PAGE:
Although Alonzo King LINES Ballet is a contemporary dance company based in San Francisco, its dancers’ classical training shows through in everything they do.
On its UW World Dance Series program at Meany Theater on Thursday, what also shone through their performance was King’s allegiance to the music he chose for his choreography. In each piece, King uses conventional ballet moves that morph into something unexpected and original.
The newest work on the program premiered last October. “Concerto for Two Violins” uses Bach’s Concerto in D Minor for those instruments and, watching the dancers, one could see the intricacies of Bach’s polyphony brought to life, each line of music or dance weaving through others in a never-ending flow of imaginative design. It was particularly noticeable in the slow second movement that used only four dancers: two men, two women.
All 11 company members are beautiful dancers, with strong feet that grip the floor or peel off it and a flexible fluidity of movement that mirrors the fluidity of King’s choreography.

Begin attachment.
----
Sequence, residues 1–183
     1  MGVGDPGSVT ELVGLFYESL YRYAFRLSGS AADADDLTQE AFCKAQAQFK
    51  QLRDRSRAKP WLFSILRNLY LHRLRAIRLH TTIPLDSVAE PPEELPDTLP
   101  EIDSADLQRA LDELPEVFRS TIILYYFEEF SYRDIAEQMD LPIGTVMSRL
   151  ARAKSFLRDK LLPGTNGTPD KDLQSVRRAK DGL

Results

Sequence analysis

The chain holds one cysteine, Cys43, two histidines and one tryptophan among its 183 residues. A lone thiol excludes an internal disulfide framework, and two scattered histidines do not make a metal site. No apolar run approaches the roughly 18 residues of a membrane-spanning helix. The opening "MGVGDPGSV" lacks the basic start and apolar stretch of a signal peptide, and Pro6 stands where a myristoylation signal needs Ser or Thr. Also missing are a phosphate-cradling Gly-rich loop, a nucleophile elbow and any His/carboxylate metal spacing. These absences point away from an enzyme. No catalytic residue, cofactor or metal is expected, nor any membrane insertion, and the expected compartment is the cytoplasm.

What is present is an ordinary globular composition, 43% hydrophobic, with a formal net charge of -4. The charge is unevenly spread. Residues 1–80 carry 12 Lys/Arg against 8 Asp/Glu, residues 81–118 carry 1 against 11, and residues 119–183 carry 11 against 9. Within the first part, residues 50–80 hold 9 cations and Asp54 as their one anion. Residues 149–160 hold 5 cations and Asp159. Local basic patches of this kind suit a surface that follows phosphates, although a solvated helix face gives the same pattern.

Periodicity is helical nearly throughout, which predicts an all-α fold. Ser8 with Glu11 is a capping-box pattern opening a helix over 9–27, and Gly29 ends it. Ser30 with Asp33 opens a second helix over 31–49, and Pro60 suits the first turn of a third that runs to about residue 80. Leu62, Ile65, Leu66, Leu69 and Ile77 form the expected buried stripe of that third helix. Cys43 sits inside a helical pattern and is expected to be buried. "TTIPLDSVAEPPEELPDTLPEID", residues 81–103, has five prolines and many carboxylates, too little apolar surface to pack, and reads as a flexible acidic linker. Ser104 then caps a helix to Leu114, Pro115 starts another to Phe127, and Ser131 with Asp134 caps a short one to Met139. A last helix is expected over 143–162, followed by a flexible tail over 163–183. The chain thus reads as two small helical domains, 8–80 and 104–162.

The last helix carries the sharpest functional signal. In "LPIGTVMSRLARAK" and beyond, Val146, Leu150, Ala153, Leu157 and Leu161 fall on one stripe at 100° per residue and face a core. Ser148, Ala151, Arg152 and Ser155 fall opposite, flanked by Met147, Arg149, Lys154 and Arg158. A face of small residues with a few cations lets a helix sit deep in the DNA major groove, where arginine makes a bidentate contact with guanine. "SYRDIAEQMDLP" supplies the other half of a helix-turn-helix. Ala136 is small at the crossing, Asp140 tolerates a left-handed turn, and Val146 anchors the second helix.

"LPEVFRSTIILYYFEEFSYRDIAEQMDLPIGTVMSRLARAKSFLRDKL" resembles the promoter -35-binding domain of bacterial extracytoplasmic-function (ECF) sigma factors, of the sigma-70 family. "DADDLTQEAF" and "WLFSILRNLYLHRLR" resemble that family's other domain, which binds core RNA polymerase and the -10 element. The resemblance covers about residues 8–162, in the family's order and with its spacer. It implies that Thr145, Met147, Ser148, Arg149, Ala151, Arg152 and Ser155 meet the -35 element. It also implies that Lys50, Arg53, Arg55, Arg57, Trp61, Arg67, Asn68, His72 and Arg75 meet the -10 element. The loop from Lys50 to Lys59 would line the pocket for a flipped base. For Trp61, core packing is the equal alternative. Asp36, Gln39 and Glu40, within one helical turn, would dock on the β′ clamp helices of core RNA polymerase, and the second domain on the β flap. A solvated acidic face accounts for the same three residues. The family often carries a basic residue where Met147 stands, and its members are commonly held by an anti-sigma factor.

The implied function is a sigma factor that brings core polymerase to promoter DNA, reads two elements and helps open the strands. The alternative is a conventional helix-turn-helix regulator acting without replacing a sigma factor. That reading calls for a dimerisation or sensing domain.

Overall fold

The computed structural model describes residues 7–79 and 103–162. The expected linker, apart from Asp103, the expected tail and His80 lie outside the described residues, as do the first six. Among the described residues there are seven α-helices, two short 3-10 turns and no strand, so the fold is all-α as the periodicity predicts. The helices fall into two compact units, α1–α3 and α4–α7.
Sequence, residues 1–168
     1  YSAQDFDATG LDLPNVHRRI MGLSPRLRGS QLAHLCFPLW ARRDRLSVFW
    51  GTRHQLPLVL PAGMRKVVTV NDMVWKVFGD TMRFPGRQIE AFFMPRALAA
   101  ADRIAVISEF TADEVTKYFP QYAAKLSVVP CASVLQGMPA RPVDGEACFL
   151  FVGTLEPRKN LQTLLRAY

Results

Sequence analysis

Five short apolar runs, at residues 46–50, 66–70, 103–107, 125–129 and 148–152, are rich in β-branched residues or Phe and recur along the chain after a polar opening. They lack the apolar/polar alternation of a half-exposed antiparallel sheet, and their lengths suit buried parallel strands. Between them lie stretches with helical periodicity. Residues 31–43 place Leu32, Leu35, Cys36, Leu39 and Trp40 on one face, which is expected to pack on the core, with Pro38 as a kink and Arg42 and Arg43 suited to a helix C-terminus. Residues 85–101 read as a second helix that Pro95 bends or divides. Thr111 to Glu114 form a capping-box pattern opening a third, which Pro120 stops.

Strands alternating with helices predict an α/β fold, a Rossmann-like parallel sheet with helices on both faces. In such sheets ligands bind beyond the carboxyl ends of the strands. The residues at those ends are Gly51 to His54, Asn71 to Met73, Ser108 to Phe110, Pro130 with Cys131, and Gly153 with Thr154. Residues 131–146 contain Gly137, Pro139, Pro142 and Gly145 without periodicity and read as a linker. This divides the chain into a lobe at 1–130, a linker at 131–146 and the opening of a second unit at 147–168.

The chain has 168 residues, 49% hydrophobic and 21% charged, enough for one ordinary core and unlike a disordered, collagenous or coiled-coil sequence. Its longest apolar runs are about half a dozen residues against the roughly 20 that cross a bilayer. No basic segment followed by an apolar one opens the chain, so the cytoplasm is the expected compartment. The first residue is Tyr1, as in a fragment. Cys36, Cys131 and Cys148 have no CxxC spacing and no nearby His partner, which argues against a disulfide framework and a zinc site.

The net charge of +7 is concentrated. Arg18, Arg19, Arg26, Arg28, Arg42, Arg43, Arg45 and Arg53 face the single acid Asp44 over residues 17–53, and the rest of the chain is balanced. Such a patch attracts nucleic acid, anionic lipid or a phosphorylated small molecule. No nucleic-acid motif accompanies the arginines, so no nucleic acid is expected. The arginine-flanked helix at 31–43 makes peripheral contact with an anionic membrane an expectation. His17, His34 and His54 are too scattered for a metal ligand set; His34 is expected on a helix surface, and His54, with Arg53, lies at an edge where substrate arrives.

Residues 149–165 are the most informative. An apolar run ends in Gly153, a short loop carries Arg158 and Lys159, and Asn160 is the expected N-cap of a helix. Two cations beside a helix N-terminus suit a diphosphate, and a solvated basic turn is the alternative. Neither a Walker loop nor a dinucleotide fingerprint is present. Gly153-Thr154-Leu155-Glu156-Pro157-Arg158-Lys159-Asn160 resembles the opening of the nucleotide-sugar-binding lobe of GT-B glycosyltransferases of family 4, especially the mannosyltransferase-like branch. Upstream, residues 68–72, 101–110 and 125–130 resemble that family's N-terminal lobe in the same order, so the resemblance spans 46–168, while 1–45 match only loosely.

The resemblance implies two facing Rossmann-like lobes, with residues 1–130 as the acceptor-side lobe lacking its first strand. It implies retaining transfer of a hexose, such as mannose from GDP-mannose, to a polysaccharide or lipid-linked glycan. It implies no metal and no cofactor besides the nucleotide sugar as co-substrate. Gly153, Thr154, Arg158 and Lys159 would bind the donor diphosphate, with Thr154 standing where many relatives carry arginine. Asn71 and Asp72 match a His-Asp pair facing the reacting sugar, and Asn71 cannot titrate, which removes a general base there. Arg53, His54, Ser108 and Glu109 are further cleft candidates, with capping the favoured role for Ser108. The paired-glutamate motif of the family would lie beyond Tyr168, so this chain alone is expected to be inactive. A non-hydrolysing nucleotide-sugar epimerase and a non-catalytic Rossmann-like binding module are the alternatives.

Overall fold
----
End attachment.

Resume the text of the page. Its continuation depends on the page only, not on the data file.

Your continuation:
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An excerpt from his “Writing Ground,” to Sephardic music, is an odd piece for one woman and four men. It has a medical feel somehow. The woman, danced by Meredith Webster, begins floppy as a rag doll, supported by the men. As she gradually regains muscle tone in bursts, they support her moves, and when eventually she tries to escape they catch and bring her back. At the end, she sits on the floor laughing noiselessly. What it means I don’t know, but Webster’s moves are extraordinary, including one where she is raised horizontally by the men, then swoops down headfirst and backward into a swan dive.
“Rasa,” to live tabla and voice music of Zakir Hussain, goes on rather too long, the most compelling part being a duet between what appears to be two lovers enjoying a wrestling game. Oblique golden lighting by Alain Lortie effectively colors the work. At one point, the singer uses tonguing faster than a trill, and dancers achieve a torso shaking that matches, but none of it is obvious, it’s just part of the movement.
Costumes are simple, never obscuring the bodies. Men wear black or beige briefs, sometimes long pants, no tops. In “Concerto” the women wear backless black or pale beige swimsuits, and in the other works, brief gauzy tunics that hide nothing of a body’s workings. These and the sets, again simple but strong, are designed by company co-founder Robert Rosenwasser.